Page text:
This is your place to talk about the funny, sad, outrageous things that are happening in your life -- whenever you're ready.
When my daughter moved out, my husband and I entered the dreaded empty nest phase of life. I hated that term. It made us sound sad and old, like the best part of life had passed us by.
Although I missed my daughter, I didn’t wallow in self-pity or hang out in her empty room. Our life was a little quiet, but full.
My husband and I enjoyed the freedom of being able to go places at the spur of the moment. We enjoyed impromptu weekends away. We had sex with the door open. We could be as loud as we wanted because it was just us in the house. It was a little like being newlyweds again.
But I felt a void.
My husband chalked it up to not having someone to fuss over. My daughter hadn’t needed much from me during her last years at home. She was so self-sufficient that I didn’t expect to miss her that much when she left, but I did.
I missed being needed, even if it was just a little. I felt inexplicably directionless. My days were full, busy…happy even. But something was missing.
My husband and I didn’t marry until we were in our 40s, after my fertility had stomped out of the building. We'd discussed adoption in vague terms when we first married, talking about how nice it would be to parent together.
Our conversations about adoption never really went anywhere and it seemed he’d be content with being a stepdad. Even though I’d always regretted not having more kids I didn’t have a strong desire to have more at this point in my life.
I've always felt a pull toward adoption. My brother and a handful of my cousins are adopted so growing up, I saw adoption as a normal way to add kids to the family.
During most of my 20s and 30s I was a struggling single mom and adoption was beyond my budget and also beyond the scope of what I’d have been able to handle, but it was something I thought about a lot over the years. By the time I hit my 40s, the desire had fizzled.
About a year after my daughter moved out, I met a woman named Jenny who had a Chinese-born daughter. What I’m about to say now makes no sense but when I saw this mother and daughter together, I had an “aha” kind of moment and I knew in an instant that I would also adopt a child from China.
I know that doesn’t make sense but as much as I've tried to rationalize it over the years, I really can't do better than “aha moment.” That might seem lame but when I saw Jenny and her child together, the path I was supposed to be on became a little clearer. Cheesy, huh?
I asked Jenny a few questions…and by a few I mean about 392. She was gracious enough not to think I was a nosy asshole and pointed me in the right direction. She even held my hand through the unholy amount of paperwork that goes along with international adoption. I will always be thankful I found her. I believe she changed my life without intending to and her never-ending patience with my many, many questions helped preserve some of the sanity I still possessed.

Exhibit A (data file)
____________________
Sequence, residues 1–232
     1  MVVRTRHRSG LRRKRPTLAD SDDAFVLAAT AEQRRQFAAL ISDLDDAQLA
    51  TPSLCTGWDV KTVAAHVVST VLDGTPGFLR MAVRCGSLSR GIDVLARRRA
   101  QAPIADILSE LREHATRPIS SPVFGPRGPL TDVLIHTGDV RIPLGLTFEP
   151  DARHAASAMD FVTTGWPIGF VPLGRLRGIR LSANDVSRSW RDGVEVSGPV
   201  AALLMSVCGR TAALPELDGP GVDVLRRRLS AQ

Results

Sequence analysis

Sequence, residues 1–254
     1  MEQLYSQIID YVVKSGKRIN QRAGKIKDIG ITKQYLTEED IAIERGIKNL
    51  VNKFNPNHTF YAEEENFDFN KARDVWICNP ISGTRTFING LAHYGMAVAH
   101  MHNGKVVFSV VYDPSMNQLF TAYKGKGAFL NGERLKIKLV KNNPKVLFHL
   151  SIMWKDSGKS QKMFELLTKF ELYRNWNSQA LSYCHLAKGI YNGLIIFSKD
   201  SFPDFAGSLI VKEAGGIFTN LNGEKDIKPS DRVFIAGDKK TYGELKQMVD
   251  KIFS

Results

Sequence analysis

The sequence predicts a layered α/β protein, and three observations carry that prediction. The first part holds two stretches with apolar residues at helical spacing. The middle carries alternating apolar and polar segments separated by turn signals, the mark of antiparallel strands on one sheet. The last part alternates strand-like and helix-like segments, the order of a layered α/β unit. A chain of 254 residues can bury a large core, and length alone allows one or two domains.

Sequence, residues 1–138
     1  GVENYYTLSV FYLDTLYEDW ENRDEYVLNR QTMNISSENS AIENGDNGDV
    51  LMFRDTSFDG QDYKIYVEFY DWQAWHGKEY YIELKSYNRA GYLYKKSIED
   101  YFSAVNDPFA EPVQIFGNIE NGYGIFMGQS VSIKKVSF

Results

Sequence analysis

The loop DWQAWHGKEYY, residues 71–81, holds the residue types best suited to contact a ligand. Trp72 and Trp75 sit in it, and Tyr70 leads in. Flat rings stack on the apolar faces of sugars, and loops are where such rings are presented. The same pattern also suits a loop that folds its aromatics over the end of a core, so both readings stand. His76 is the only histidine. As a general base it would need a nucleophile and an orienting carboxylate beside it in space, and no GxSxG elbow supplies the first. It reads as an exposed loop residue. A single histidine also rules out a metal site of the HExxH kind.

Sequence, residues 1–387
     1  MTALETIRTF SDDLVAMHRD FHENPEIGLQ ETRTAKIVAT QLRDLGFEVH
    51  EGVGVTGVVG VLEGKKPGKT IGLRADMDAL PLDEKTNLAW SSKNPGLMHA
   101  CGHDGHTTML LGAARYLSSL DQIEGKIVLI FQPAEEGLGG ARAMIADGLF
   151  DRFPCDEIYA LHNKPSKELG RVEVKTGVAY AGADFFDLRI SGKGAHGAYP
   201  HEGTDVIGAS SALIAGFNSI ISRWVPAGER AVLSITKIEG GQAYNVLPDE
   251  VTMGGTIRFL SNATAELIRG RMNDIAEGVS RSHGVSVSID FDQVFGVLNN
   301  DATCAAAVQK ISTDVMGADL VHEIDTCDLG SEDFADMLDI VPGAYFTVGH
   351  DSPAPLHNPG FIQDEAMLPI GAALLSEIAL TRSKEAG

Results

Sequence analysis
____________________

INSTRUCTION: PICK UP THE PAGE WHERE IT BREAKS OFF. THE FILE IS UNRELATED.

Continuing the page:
To begin the parenting journey again at 45 and 49 was a different story. Although the paperwork was tedious and the waiting was brutal, none of that compares to the actual process of adjusting to having a new child in your family, when you're a couple that's a little…ahem…older and set in their ways.
Our son was 26 months old when he was placed in our arms for the first time and we were immediately thrust into a world of poop, snot, and loud toys. He turned our life upside down in a good way. In a crazy tired good way.
Our second son joined joined our family a year later. Today, we have two 5-year-olds. My husband and I are 49 and 52 and we are the oldest parents with the youngest kids everywhere we go. Our boys are just four months apart. Life is good. Loud and sticky, but good.
Becoming parents at midlife has been a wild ride and if you’d have told me 20 years ago that I’d be facing my fifties with two kids in kindergarten, I’d have laughed at you.
Parenthood at this stage of life will either keep us young or drive us into an early grave. I use more hair color and get less sleep but I smile more and worry less about what other people think.
We get a lot of "Wow, how great that you've adopted" with the unspoken "at your age." I've also been asked if I was the grandma, which wasn't one of my top 10 life moments.
I'm not suggesting the answer to the empty nest is to go out and have more kids, but for us it was. My back creaks and squeaks when I bend over to give baths. When one of my boys informs me (and when I say informs me, I mean yells in my ear at close range) that it's "not dark outside" at the butt-crack of dawn, I realize exactly how old I am, down to the minute.
I wake up sometimes (usually at 3 a.m. because there's a little foot in my kidney) and marvel at the direction my life has taken. No, I didn't expect this life in my almost 50s.
But, I figure I've bought myself another 10 years or so of driving carpools, attending soccer practices and fielding "but whys." Maybe this second act of motherhood is helping me cheat age. Maybe I’m a little crazy. Most people greet midlife by taking up a new hobby: crocheting. Tennis. Bungee jumping. I didn’t chose the traditional path but I’m owning my choice…rocking it, even.
This is my story. The rest unwritten, but I’m sure it’s fabulous. Tiring, but fabulous.